Sunday, July 25, 2010

More problem solving...wildlife style, this is becoming a theme

I found myself awakening from a deep, coma-esque sleep this morning. As I lay in bed, feebly attempting to gather my thoughts, I wondered what was the time? Must see the clock. With much effort, I hauled myself out my comfy horizontal position, squinted valiantly over the prone puppy at the end of the bed and thru one eye, I saw the clock said 6:30. Could it really be 6:30? Had I slept all the way thru the night without one wake up? Not one pit stop to the loo? My bladder said, Yes, yes you did, but please get up right now! I forced myself into an upright position and fought my way to the bathroom . I say fought because every day the minute I get up there are two dogs and two, or three cats weaving between my footsteps, exhilarated with the prospect of breakfast being served. Fortunately for them, I'm usually too sleepy to be annoyed with the furry game of Twister that they challenge me with each day. This morning I was exceptionally out of it. Maybe it was the heat, the humidity, or the very busy work week we just endured. Whatever the cause, I was seriously having trouble waking up. I obviously had no idea of the challenge that awaited me in the barn.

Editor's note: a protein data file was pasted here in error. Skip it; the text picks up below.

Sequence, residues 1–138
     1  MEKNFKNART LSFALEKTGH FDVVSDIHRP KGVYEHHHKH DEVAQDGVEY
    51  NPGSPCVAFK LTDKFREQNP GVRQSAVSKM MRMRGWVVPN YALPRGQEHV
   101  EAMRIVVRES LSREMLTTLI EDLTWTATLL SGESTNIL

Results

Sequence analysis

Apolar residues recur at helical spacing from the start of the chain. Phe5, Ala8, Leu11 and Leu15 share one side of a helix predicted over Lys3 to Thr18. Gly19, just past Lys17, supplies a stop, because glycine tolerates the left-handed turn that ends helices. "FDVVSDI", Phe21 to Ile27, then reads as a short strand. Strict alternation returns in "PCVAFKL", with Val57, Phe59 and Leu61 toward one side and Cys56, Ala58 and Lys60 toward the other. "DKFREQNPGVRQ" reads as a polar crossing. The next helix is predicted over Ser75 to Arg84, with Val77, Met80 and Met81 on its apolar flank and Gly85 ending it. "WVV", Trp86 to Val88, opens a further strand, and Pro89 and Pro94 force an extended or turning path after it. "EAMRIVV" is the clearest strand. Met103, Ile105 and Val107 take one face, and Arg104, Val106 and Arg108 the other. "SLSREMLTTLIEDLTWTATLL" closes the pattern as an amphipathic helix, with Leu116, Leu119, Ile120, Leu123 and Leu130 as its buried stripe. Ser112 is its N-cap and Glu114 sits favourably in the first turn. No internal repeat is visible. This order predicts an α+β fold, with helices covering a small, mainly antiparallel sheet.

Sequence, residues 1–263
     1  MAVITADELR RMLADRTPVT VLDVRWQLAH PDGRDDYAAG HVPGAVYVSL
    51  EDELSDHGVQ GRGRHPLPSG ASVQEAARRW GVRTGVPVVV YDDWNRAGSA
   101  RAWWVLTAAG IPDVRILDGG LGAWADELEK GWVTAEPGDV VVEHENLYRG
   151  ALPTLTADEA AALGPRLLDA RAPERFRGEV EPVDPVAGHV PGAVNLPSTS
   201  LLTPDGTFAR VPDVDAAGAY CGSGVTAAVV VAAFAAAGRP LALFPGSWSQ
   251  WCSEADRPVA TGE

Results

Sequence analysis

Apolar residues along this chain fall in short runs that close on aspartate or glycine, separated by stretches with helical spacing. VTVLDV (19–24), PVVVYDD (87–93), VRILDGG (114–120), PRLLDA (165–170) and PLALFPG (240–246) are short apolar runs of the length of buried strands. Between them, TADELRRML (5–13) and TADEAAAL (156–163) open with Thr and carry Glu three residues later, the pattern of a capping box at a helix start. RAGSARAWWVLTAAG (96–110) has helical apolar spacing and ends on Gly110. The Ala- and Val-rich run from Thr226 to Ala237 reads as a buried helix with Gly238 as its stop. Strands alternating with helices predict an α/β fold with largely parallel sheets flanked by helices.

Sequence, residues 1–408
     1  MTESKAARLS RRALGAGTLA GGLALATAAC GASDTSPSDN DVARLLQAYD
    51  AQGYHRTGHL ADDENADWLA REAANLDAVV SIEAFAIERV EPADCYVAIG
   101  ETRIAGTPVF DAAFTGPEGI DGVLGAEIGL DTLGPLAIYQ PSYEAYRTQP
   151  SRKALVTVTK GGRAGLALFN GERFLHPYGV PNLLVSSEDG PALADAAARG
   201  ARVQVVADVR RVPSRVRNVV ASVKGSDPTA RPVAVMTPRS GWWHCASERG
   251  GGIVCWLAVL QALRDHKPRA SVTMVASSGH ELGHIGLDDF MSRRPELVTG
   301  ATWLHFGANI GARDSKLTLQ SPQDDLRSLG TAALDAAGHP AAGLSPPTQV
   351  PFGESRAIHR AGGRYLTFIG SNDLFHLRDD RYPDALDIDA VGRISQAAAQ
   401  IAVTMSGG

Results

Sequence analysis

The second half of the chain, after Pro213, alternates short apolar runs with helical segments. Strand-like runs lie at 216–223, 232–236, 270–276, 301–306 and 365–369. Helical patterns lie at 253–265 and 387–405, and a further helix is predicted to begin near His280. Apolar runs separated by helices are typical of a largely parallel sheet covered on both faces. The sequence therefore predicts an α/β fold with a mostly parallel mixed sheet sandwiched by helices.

My morning chores are typically mundane. First I make my coffee. Then I feed cats. And I feed dogs. Then I drink a cup of sweet coffee nectar and the cobwebs slowly clear from my head. Once the caffeine has channeled its way to my brainstem, I stagger out to the barn, listening to the chorus of whinnies from the horses that we are responsible for feeding each and every day. Horses so enjoy a schedule. They want to be fed at the same time every day. They are demanding creatures, but I love them so I'm a slave to their needs. Besides if I don't feed them on time, they bang on their stalls with their powerful hooves, whinny insistently and it makes sleep impossible, unless you are Jonathan (that's a whole different story).